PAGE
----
Pics would help, showing the burnt areas.
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Old 09-01-2019, 11:48 PM   #8
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It didn't take long for this thread to go sideways.

Which very possibly could have been the intent from the beginning, based on past history.
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Old 09-01-2019, 11:55 PM   #9
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Which very possibly could have been the intent from the beginning, based on past history.
Yes, or maybe he simply believes whatever a 'professional' tells him, or he likes to make up stories rather than write novels, or............

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Old 09-02-2019, 01:18 AM   #10
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What do the burnt wires have to do with propane, did the propane flame burn the wire?
Wires can also burn on a ac/dc unit.
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Old 09-02-2019, 01:40 AM   #11
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I went to totally no propane 5 years ago. So, I am way ahead of the game

Seems to me you are still finding out the great deal you thought you had bragging it up when you first came to the forum is still rearing its ugly head on workmanship. Absorption refrigerators have been the mainstay for RVs for many years and have been mostly reliable. Propane is relatively safe if you know the precautions involved. I think it is just a pain remembering to shut it down when fueling and going in tunnels and riding ferries. Electrical wiring, IMO, is the least concern in regard to propane.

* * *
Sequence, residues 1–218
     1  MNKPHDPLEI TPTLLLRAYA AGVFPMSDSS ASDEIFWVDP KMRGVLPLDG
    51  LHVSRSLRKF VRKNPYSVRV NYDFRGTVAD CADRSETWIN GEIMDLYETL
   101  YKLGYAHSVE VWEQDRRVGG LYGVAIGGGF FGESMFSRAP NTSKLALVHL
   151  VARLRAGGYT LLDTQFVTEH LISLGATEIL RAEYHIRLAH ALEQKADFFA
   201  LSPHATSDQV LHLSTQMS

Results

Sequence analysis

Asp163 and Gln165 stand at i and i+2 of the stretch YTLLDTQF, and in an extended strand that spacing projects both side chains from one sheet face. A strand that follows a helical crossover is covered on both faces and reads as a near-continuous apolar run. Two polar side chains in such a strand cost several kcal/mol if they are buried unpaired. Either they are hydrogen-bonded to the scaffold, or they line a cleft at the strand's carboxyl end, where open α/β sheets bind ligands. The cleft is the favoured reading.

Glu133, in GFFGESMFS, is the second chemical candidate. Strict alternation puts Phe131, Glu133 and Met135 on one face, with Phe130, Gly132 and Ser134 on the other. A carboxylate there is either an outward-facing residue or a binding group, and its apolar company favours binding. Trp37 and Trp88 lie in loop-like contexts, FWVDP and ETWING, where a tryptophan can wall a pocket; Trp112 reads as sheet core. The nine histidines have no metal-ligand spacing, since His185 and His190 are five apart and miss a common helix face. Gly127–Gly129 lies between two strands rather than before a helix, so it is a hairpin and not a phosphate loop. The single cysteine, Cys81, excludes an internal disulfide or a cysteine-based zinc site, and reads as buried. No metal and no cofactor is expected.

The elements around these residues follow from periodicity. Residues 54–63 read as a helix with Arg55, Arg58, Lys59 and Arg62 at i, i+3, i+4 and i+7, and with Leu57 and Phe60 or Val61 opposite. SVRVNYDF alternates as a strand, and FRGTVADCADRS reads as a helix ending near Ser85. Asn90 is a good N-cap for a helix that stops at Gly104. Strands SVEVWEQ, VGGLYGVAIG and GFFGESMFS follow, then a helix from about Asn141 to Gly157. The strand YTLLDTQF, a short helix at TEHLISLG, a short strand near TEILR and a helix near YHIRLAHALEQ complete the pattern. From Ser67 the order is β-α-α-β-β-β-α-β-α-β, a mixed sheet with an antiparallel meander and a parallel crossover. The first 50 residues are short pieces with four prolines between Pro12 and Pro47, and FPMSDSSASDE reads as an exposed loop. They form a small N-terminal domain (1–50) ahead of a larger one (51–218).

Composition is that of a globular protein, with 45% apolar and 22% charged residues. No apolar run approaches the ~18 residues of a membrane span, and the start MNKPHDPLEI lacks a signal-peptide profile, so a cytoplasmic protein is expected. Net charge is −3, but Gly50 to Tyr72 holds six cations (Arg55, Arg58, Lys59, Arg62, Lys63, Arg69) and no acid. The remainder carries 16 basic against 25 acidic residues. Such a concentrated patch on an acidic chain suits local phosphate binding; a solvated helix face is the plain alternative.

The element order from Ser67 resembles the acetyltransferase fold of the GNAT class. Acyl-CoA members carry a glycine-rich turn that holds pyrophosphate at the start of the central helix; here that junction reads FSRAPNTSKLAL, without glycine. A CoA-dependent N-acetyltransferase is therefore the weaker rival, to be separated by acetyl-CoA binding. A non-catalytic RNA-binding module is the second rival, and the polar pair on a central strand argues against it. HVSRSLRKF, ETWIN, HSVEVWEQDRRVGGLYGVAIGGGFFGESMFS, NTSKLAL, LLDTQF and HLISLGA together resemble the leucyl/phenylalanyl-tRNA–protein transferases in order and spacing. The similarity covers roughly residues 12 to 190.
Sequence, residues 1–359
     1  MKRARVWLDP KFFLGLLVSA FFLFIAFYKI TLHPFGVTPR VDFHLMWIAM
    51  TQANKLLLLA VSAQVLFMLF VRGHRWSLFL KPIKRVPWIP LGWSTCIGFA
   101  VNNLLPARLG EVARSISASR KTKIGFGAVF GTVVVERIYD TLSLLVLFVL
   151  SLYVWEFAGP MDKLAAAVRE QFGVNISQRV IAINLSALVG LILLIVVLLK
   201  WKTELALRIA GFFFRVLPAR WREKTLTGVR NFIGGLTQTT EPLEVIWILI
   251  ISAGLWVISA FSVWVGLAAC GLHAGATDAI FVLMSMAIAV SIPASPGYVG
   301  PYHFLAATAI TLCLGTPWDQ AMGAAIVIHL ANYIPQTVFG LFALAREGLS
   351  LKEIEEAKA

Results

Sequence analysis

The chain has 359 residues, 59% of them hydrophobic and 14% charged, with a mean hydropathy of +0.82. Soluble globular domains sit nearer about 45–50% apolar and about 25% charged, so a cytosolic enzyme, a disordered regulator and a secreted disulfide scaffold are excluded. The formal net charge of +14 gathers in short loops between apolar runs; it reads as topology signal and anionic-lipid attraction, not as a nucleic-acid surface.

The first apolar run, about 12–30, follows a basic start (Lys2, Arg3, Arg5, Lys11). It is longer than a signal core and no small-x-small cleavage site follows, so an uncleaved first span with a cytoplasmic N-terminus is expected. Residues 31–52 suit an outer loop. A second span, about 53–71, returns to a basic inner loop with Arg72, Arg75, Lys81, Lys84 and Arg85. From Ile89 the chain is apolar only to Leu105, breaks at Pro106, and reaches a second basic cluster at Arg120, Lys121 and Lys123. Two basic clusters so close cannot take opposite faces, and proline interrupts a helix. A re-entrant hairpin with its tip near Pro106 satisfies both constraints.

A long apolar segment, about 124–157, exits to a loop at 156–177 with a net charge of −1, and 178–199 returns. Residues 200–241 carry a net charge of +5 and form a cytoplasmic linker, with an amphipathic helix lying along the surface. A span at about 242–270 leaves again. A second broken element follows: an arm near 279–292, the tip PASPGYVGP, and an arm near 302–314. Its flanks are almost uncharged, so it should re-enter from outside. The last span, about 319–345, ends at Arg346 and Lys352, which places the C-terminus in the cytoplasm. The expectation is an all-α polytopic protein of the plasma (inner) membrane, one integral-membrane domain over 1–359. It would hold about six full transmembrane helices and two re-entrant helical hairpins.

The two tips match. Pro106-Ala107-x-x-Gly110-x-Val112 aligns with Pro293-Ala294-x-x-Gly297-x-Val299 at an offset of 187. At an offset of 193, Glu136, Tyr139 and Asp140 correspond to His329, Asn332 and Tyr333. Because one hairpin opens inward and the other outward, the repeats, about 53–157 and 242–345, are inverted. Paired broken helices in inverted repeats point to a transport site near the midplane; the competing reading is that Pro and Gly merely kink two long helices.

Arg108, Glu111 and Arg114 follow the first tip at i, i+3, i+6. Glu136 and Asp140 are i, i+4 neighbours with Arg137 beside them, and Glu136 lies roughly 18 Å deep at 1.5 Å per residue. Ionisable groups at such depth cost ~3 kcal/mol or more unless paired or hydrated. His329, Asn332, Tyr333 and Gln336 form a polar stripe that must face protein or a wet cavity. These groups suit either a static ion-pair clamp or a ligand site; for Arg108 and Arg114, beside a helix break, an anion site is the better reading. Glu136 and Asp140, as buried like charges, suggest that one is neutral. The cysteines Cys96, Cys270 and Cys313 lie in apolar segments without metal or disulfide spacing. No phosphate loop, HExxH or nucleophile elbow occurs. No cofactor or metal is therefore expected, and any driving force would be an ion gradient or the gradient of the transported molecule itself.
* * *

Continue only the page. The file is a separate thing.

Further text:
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Old 09-02-2019, 12:50 PM   #12
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Interesting discussion. The Amanda cycle refrigerator is a nice thing in homes where it doesnít move. In RVs, it is in the top three trouble issues.

Really love my compressor refrigerator freezer.
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Old 09-02-2019, 02:30 PM   #13
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Interesting discussion. The Amanda cycle refrigerator is a nice thing in homes where it doesnít move. In RVs, it is in the top three trouble issues.

Really love my compressor refrigerator freezer.
What are the other 2?

Tks

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Old 09-02-2019, 07:46 PM   #14
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What are the other 2?